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Pollution destroys fish species in Western Ghats
PAWANPREET KAUR  New Delhi | 2nd Oct 2011

Miss Kerala (Puntius Denisonii). Photograph: WILL DARWALL

ollution and commercial activities are destroying hundreds of freshwater fish and plant species in the biodiversity rich Western Ghats, a new report has said.

According to the "Red List of Threatened Species" published by the International Union for Conservation of Nature (IUCN), several freshwater fish, odonates (dragonflies and damselflies), molluscs and aquatic plants are showing "tendencies for extinction" in the Western Ghats that are known for their diverse fish and plant species.

Sanjay Molur, executive director of Zoo Outreach Organization says in the report, "Water pollution from agricultural and urban sources, over-harvesting and invasive species were the major threats that have led to 16 per cent of freshwater species becoming extinct."

The study assessed 1,146 freshwater species, of which 16% (over 180 species) were found to be "threatened" with extinction. A further 1.9% were assessed as "near threatened". Of the nearly 300 freshwater fish species assessed, 54 were found to be "endangered", while 31 species were found to be "vulnerable".

Researchers studied the rivers of Tapi, Krishna, Cauvery and Godavari in Andhra Pradesh, Chhattisgarh, Goa, Gujarat, Karnataka, Kerala, Madhya Pradesh, Maharashtra, Orissa and Tamil Nadu to prepare the report. The situation was found to be grave in Karnataka, Kerala and Tamil Nadu, the states that house some key biodiversity areas.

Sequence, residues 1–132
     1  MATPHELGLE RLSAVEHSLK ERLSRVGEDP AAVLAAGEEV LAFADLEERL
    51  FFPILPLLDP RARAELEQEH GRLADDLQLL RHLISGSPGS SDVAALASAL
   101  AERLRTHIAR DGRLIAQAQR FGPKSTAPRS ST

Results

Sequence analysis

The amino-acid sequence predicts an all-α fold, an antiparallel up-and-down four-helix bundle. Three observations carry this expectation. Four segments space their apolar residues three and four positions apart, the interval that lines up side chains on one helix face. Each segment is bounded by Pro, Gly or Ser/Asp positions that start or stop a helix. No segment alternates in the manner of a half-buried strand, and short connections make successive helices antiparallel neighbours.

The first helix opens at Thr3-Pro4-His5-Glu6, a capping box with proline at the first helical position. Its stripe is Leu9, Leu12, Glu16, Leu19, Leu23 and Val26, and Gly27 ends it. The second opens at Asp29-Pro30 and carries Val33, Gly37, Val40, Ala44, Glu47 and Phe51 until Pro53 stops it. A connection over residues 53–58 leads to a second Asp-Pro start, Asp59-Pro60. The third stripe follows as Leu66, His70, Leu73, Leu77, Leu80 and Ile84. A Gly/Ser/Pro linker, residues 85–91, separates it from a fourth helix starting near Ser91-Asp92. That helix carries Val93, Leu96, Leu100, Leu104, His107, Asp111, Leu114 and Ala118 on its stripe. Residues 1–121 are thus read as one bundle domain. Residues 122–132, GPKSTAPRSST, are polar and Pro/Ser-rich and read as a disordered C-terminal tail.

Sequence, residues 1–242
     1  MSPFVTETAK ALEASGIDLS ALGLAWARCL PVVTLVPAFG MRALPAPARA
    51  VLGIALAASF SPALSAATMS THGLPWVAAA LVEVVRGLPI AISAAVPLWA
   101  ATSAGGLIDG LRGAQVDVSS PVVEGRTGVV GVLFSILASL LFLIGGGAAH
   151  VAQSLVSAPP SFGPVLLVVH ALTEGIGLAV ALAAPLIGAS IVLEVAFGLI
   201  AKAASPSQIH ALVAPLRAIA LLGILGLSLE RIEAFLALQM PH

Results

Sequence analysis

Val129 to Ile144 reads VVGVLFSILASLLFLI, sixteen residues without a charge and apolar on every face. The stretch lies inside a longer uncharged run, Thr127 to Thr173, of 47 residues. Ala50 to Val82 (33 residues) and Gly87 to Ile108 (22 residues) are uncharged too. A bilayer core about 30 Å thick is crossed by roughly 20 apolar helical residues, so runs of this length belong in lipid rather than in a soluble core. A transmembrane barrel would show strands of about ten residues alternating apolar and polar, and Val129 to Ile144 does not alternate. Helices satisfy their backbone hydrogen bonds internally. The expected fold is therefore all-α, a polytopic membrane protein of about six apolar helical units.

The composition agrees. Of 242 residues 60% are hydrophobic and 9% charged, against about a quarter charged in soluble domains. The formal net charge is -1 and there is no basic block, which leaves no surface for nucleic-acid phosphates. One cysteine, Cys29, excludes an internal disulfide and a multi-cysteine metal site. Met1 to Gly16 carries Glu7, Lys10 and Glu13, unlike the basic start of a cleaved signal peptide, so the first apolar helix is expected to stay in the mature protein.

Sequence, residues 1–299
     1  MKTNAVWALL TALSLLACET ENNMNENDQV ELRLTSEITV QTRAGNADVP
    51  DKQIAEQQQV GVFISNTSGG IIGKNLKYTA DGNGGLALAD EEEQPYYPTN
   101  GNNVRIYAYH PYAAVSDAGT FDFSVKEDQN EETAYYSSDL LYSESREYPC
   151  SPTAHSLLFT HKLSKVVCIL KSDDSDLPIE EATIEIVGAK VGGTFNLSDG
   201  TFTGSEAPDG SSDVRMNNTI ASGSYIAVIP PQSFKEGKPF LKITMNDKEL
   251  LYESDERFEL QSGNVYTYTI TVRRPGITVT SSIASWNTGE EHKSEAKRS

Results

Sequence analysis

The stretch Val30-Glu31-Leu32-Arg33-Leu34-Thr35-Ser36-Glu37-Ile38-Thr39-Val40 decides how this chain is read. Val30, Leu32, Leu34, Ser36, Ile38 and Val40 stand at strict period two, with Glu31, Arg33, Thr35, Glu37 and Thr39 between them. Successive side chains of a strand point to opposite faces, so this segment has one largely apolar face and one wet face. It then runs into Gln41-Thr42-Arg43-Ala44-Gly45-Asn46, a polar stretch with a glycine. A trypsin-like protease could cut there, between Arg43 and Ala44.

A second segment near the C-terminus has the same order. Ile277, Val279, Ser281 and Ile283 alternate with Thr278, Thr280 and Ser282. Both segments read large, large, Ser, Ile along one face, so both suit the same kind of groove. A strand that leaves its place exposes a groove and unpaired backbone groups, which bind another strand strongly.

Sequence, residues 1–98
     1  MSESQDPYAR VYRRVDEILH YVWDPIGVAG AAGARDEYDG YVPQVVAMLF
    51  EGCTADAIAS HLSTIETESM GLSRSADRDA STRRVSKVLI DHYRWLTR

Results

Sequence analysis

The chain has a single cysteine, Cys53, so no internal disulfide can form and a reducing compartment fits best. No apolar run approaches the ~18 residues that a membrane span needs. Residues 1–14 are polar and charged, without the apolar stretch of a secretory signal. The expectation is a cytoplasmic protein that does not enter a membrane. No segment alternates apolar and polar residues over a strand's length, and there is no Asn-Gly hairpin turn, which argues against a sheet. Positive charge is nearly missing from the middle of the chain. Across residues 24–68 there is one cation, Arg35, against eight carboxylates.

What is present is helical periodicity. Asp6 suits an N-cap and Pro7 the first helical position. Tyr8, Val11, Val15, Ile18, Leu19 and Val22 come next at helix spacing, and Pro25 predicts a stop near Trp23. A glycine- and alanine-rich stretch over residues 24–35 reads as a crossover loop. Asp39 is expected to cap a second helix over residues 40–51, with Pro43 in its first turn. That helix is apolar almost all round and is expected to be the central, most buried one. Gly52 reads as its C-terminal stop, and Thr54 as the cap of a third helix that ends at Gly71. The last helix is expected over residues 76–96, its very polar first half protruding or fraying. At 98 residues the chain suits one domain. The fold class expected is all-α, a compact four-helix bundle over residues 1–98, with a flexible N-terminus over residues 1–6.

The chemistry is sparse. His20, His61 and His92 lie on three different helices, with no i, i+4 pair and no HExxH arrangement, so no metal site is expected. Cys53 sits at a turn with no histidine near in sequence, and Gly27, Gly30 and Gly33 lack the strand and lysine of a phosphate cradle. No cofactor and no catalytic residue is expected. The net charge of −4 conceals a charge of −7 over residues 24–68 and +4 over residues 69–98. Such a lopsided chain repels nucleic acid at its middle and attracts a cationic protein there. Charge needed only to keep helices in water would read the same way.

The report states that more than half of the fish species (56%) are harvested for human consumption, while 37% are captured for aquarium trade; 18% molluscs too are traded for human consumption. Fish species such as Deccan Mahseer, Puntius Pookodensis, Horalabiosa Arunachalami and Puntius Denisonii or Miss Kerala (in demand for its decorative value) have been listed as victims of this mindless onslaught.

Aquatic plants are harvested for food and medicinal purposes as well. The report found that 28% of such plants are showing signs of

extinction, most notable among them being Aponogeton Satarensis (a pony weed) and Cremnochonchus Syhadrensis (freshwater periwinkle).

The main causes for the loss of biodiversity are pollution, commercial fishing, aquarium trade, commercial development, natural system modifications, agriculture, aquaculture and mining. The presence of exotic fish from Africa, North and South America, Europe and Asia has also upset the fragile ecology of the region.

Since many communities depend on freshwater species, both fish and plant, for their livelihoods, any destruction or modifications in catchment areas may spell doom for these people too.

The report recommends corrective measures like habitat protection and restoration, prevention of river flow modifications, prevention of agrochemical use, effective effluent treatment and preventing the release of invasive exotic species to stop their numbers from dwindling further.

"A combination of strategies is needed for the conservation of freshwater fish. One such strategy is to focus conservation activities on key sites that have the last remaining populations of a species," said Rajeev Raghavan of the Conservation Research Group at St. Albert's College, Kochi, who was involved in the IUCN assessment.

 
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